"This is all part of the trial process. We are testing different playing conditions so that we can find the best one and give the trial every chance of succeeding. We listen to feedback and we have been hearing that two is a preferred option."
The fielding and batting side are allowed two unsuccessful appeals to the umpire per innings to change a decision if it is perceived to have been incorrect. The rest of the playing conditions for this trial remain unchanged.
Appeals can be made only by the batsman in receipt of the umpire’s original decision or by the captain of the fielding side, in both cases by the player making a 'T' sign with both forearms at shoulder height. The on-field umpire will consult with the third umpire, who will review available television coverage of the incident before relaying fact-based information back to his colleague.
The on-field umpire will then deliver his decision either by raising his finger to indicate 'out' or by crossing his hands in a horizontal position side to side in front and above his waist three times – as per a 'safe' decision by an official in baseball.
If it is different to his original decision, the umpire will touch both shoulders, each with the opposition hand, to revoke the previous signal and then make a fresh signal as per the revised decision.
Commenting on the trial, ICC general manager of cricket David Richardson said: "Our Emirates Elite and International Panel umpires already ensure the vast majority of decisions made in any Test or ODI are correct, but we want to see if we can enhance the game further by reducing or removing the few clearly incorrect ones.
"The fact that each side is now allowed only two unsuccessful requests to review in each innings should mean that players will not make frivolous challenges and, instead, only seek a referral to decisions that, it is quickly clear, are highly likely to be incorrect.
"By seeking to reduce these potentially contentious decisions we believe we can help remove a source of tension and frustration among players and spectators as well as any resultant pressure on umpires.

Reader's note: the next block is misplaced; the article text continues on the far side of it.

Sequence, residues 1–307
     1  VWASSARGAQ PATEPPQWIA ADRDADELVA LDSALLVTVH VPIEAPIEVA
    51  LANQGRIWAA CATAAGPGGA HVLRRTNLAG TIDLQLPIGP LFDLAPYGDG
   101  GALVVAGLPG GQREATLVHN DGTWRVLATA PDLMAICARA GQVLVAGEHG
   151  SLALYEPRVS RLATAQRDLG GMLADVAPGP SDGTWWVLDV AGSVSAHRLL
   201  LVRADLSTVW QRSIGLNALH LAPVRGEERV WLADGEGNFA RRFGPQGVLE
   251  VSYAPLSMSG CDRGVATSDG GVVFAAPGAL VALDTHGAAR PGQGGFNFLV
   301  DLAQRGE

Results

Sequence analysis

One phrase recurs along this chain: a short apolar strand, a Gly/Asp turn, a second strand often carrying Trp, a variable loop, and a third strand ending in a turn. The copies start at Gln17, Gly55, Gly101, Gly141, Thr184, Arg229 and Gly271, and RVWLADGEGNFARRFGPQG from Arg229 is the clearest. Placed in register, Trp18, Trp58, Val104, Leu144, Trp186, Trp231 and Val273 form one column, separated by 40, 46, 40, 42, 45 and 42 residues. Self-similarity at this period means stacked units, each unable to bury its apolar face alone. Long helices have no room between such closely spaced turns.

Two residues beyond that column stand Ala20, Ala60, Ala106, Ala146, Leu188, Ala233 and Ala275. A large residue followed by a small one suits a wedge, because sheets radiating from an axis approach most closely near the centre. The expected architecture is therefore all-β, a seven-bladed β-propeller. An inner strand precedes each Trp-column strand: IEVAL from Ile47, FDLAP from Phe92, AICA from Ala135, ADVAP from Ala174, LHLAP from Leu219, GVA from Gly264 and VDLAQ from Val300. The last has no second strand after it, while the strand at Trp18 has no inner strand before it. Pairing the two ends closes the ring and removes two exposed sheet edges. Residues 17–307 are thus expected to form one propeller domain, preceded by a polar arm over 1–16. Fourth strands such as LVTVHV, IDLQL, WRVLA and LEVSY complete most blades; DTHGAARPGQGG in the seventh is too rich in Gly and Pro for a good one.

"At the same time we have sought to ensure the continued primacy of the on-field umpire. The man on the field’s role is to consult with his colleague, not to refer the decision away, and he still decides whether or not to change his original decision.
"Once the trial is over we will conduct a thorough review of the process before deciding whether the trial was successful and worth persevering with."
CHARLIE SAYS: I am coming around to the video appeal idea after the futile experiment in the Friends Provident Trophy in 2007, a one-day competition. It is clear that Test cricket is a much more fertile area for umpiring error such as bat-pad decisions, especially if it means finger-spin bowling is encouraged. Mind you, I wonder how many different umpiring signals there are with these new additions.
Posted by Charlie Randall
Bodenham reaches another goal
THE former international football referee Martin Bodenham has been named in the ECB's list of first class umpires for 2009 today, an unprecedented round-ball double.
Three former players have been promoted with Bodenham to the 25-strong full list other -- Nick Cook, Michael Gough and David Millns -- but the appointment of Bodenham introduces a welcome diversity to a sector of the professional game that is a little too in-bred for comfort.